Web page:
Palm Springs, California in the past, History of Palm Springs, California

Presently the Agua Caliente Band of Cahuilla Indians is composed of several smaller bands who live in the modern day Coachella Valley and San Gorgonio Pass areas. The Agua Caliente Reservation occupies 32,000 acres (13,000 ha), of which 6,700 acres (2,700 ha) lie within the city limits, making the Agua Caliente band the citys largest landowner. (Tribal enrollment is currently estimated at between 296 and 365 people.)

As of 1821 Mexico was independent of Spain and in March 1823 the Mexican Monarchy ended. That same year (in December) Mexican diarist Jose Maria Estudillo and Brevet Captain Jose Romero were sent to find a route from Sonora to Alta California; on their expedition they first recorded the existence of "Agua Caliente" at Palm Springs, California. With the Treaty of Guadalupe Hidalgo, the region was ceded to the United States in 1848.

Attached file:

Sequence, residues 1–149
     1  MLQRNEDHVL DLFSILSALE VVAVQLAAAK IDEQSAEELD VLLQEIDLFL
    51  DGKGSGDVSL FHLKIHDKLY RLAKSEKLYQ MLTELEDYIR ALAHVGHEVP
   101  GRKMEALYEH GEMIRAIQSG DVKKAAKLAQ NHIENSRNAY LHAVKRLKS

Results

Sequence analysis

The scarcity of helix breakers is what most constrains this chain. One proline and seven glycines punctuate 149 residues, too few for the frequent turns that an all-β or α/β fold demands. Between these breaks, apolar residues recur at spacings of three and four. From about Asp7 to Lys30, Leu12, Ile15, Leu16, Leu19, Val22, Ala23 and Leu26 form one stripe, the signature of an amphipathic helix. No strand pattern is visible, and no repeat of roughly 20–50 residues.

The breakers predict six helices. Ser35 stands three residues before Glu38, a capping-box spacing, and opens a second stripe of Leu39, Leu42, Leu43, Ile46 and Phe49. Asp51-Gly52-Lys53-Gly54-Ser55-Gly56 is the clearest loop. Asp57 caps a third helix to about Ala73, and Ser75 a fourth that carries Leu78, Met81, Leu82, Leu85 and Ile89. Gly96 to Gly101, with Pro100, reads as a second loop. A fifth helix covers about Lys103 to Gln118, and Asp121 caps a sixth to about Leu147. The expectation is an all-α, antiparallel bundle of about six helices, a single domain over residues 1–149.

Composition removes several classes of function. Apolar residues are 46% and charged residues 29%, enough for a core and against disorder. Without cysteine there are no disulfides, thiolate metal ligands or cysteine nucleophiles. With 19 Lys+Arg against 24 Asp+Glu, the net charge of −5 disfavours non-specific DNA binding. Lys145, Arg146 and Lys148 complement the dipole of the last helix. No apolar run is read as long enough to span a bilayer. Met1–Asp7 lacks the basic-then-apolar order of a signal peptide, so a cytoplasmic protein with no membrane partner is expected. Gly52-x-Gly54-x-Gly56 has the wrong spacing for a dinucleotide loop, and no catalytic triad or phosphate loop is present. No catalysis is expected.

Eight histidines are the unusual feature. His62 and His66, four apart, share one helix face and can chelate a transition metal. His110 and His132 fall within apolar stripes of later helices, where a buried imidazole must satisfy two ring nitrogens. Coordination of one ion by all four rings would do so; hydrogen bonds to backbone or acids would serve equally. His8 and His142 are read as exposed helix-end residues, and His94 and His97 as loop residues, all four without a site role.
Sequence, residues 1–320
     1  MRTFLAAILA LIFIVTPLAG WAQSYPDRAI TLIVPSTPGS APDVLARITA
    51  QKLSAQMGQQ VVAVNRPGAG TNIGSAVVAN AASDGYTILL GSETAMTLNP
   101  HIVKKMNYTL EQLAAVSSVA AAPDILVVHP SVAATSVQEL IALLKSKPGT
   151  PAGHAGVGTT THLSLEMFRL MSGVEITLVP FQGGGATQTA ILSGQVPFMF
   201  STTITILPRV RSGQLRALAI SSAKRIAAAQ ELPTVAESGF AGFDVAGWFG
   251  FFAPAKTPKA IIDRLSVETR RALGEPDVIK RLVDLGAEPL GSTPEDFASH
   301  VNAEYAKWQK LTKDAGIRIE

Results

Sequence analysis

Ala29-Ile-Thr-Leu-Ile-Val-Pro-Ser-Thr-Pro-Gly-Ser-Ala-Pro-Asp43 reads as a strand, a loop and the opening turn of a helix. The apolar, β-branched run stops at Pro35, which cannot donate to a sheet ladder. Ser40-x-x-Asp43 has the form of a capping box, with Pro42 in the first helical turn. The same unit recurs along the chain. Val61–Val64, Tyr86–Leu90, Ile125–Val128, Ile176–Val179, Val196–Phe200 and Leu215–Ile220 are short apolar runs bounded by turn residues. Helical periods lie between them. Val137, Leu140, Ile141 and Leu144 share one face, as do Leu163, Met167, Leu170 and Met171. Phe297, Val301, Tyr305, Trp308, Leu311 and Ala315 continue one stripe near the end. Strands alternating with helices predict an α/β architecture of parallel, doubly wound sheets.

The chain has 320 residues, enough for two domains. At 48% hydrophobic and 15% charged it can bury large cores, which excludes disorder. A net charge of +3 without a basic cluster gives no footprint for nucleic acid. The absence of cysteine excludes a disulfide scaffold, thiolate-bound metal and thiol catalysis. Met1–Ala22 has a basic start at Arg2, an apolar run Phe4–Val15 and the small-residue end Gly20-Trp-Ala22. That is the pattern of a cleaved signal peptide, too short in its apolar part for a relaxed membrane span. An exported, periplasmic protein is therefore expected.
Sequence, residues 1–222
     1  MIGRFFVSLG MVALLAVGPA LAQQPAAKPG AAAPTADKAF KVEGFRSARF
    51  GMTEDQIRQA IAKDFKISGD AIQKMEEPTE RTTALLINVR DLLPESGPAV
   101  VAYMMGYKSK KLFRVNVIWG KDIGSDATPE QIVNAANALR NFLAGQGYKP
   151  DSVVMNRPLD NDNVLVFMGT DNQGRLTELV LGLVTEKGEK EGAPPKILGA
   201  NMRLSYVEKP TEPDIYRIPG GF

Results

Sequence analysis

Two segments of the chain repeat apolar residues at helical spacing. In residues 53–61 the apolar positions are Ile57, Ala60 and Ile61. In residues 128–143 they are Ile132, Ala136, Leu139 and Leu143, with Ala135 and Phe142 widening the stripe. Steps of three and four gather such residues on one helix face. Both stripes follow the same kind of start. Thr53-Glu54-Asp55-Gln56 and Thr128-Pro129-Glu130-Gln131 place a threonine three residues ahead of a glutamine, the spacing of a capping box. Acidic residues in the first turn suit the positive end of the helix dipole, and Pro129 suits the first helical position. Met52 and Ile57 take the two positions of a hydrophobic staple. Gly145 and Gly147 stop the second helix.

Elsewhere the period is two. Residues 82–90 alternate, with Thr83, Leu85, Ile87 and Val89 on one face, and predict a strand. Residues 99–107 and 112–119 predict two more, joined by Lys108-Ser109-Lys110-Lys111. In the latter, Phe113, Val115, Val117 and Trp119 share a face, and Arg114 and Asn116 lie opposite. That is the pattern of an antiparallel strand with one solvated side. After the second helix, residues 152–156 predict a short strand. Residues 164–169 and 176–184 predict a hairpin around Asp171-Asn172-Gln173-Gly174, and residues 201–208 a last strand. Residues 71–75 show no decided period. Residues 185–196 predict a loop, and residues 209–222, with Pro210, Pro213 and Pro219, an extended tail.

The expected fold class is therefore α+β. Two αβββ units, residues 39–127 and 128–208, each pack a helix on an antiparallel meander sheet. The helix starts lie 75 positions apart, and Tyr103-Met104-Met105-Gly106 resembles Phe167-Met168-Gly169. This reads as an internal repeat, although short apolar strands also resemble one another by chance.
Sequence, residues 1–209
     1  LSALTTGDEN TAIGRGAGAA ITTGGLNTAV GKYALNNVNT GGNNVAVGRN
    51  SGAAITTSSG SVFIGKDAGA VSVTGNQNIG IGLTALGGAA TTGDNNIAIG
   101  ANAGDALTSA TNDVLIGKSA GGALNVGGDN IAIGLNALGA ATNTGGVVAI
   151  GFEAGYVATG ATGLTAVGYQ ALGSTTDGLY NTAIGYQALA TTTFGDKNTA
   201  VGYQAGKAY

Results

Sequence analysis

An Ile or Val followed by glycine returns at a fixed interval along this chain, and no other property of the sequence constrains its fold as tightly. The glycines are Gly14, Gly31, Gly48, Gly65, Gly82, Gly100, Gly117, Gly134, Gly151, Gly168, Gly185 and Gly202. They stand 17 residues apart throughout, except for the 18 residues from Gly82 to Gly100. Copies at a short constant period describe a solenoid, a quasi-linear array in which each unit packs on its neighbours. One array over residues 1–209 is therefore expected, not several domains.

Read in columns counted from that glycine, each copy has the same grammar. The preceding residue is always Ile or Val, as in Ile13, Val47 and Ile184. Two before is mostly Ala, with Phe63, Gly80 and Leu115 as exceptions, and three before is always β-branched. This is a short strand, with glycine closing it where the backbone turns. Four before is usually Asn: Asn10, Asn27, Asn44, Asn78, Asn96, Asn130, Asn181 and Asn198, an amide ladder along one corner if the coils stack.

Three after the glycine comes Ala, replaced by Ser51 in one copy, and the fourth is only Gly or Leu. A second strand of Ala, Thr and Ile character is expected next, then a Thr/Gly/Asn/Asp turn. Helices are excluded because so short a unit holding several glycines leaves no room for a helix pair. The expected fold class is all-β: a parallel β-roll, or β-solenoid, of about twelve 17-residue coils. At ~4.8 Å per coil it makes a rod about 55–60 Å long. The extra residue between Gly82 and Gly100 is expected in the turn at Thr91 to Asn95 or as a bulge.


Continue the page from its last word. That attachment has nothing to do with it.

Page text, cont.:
Early names and European settlers

One possible origin of palm in the place name comes from early Spanish explorers who referred to the area as La Palma de la Mano de Dios or "The Palm of Gods hand". The earliest use of the name "Palm Springs" is from United States Topographical Engineers who used the term in 1853 maps. According to William Bright, when the word "palm" appears in Californian place names, it usually refers to the native California fan palm, Washingtonia filifera, which is abundant in the Palm Springs area. Other early names were "Palmetto Spring" and "Big Palm Springs".